More details are emerging about Blue Origin’s losing bid for NASA’s lunar lander, and it appears the company made a risky gamble that backfired.
Elon Musk’s SpaceX and Jeff Bezos’ Blue Origin were two of the companies bidding for a contract to provide NASA’s new lunar lander. SpaceX ultimately won the contract, coming in substantially cheaper than Blue Origin’s bid. Blue Origin appealed NASA’s decision to the US Government Accountability Office (GAO), and then sued the government when the GAO upheld NASA’s decision.
More details have emerged, and it appears Blue Origin shot for the moon (pun intended), basing their bid on the belief that NASA would accept the higher bid and then negotiate a lower price after the fact.
The company “made an assumption about the Agency’s HLS budget, built its proposal with this figure in mind, and also separately made a calculated bet that if NASA could not afford Blue Origin’s initially-proposed price, the Agency would select Blue Origin for award and engage in post-selection negotiations to allow Blue Origin to lower its price. All of these assumptions were incorrect,” the four NASA attorneys wrote in the Agency Report, according to The Verge. “Realizing now that it gambled and lost, Blue Origin seeks to use GAO’s procurement oversight function to improperly compel NASA to suffer the consequences of Blue Origin’s ill-conceived choices.”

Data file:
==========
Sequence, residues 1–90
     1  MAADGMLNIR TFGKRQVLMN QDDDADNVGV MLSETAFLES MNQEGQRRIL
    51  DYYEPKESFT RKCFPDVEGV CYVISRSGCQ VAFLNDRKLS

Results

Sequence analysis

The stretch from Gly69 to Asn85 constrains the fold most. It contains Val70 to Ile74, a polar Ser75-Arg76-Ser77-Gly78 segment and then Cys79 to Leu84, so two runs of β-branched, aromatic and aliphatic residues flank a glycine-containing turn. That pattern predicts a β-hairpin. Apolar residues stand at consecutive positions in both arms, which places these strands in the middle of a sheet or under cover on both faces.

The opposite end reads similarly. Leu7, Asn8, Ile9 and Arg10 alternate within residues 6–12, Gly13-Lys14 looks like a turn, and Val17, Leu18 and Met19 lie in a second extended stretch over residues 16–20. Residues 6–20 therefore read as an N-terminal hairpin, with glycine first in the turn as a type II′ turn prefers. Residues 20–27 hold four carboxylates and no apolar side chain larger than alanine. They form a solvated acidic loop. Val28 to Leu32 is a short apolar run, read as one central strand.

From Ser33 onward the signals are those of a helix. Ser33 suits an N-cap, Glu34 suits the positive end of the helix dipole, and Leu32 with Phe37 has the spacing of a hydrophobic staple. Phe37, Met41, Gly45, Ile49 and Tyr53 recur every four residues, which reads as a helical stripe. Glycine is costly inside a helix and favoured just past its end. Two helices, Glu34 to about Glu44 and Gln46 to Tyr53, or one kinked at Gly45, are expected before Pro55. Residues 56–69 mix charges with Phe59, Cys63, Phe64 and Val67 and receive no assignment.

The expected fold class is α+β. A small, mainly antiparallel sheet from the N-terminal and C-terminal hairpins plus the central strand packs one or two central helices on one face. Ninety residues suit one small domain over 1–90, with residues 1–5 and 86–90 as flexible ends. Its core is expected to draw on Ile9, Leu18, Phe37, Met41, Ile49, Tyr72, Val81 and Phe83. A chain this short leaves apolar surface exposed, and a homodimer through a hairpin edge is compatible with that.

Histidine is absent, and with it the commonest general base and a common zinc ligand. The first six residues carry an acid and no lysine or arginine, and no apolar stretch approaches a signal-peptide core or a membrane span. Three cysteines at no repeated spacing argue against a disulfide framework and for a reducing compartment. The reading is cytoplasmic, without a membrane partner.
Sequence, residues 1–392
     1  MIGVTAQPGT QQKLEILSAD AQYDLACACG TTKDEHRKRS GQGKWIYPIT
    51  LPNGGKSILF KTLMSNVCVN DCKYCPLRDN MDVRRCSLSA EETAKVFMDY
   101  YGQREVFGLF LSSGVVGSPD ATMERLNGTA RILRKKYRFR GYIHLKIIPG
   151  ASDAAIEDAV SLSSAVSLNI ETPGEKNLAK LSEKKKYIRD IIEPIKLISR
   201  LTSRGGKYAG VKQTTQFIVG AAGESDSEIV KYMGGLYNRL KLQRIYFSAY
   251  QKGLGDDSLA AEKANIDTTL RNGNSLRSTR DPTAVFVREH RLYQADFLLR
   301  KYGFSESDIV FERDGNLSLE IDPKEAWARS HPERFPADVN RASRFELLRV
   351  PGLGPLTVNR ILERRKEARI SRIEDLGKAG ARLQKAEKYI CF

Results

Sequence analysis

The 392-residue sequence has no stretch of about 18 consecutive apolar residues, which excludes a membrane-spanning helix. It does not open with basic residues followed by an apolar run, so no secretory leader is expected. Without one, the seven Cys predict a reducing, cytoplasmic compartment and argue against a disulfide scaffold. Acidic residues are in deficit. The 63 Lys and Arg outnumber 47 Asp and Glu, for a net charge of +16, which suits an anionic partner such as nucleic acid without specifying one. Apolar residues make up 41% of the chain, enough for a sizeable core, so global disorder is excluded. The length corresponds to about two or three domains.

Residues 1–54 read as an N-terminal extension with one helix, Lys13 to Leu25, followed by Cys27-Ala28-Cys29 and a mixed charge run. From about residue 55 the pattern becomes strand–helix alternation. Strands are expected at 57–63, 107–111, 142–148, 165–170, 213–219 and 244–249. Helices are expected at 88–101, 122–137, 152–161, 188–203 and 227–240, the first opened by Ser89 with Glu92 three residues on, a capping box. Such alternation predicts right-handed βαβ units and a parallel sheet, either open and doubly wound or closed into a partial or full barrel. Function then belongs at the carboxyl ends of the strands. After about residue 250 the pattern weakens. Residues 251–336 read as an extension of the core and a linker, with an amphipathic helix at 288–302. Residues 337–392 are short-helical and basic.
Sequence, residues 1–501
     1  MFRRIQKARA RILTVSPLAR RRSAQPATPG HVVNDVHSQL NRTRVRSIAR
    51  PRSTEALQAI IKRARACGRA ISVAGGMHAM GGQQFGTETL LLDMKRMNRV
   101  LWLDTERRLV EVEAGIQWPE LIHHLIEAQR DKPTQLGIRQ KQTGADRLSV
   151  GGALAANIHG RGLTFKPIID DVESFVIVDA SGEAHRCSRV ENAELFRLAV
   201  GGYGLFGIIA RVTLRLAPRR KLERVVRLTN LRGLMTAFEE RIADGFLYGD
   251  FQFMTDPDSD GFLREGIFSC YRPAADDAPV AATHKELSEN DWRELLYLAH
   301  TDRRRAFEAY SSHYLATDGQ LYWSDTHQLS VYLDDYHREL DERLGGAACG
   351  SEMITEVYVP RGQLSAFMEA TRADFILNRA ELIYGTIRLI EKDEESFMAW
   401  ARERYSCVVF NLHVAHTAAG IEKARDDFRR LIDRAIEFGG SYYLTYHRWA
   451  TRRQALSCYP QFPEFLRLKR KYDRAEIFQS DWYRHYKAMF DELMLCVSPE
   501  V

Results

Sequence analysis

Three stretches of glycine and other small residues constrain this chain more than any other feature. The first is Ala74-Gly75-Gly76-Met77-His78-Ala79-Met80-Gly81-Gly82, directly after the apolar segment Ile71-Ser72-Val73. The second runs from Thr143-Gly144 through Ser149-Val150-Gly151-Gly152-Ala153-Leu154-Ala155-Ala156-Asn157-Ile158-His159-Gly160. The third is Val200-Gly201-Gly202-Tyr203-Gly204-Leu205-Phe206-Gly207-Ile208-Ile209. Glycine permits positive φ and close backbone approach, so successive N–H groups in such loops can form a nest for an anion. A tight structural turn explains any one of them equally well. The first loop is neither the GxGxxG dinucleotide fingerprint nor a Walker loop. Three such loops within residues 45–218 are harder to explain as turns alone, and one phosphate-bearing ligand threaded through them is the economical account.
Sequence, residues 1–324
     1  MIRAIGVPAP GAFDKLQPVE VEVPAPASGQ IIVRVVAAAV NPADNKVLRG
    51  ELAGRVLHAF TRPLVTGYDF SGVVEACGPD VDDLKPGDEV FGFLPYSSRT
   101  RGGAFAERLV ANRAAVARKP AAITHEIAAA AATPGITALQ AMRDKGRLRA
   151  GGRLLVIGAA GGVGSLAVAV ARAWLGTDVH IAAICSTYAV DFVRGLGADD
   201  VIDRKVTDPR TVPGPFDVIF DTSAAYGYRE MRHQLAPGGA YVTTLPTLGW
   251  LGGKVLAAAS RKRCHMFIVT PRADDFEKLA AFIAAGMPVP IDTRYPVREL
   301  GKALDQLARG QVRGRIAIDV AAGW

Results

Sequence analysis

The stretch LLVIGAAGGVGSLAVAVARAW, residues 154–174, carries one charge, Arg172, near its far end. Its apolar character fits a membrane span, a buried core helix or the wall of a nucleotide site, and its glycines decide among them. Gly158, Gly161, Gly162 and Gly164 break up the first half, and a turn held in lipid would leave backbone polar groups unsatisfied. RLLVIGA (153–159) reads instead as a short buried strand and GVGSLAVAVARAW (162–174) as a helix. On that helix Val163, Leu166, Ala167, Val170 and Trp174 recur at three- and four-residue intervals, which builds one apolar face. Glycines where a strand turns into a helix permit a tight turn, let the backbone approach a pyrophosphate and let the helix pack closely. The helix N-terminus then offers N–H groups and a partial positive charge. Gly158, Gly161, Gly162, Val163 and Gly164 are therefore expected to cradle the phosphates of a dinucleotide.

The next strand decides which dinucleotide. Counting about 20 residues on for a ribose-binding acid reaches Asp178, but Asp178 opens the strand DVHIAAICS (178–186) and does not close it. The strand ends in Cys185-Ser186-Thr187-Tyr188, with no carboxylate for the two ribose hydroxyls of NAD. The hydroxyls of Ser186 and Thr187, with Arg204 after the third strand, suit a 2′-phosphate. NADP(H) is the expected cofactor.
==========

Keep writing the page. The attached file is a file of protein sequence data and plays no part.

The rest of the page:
Because that’s totally how bidding usually works: Accept an overpriced bid, that didn’t score as high as the competitor’s, and then negotiate with the winning bidder in the hopes they’ll offer a lower price after they’ve already won. Or at least that appears to be how Blue Origin thinks bidding should work.
This isn’t the first time one of Jeff Bezos’ companies has overbid, lost a contract and they cried foul. Microsoft accused Amazon of doing the same thing when it sued after losing out on the Pentagon’s JEDI contract, saying Amazon used the litigation process to see the particulars of Microsoft’s sealed bid and then lowered its own to be more competitive.
Interestingly, Bezos’ companies seem to be aware of the reputation they’re building — as sore losers that resort to litigation to compensate for overpriced bids — as Amazon “sent The Verge an unsolicited 13-page list” of legal actions it says SpaceX has taken over the years, in what appears to be an effort to prove it’s no more litigious than the next company.
Ultimately, NASA said it best: “Blue Origin made a bet and it lost.”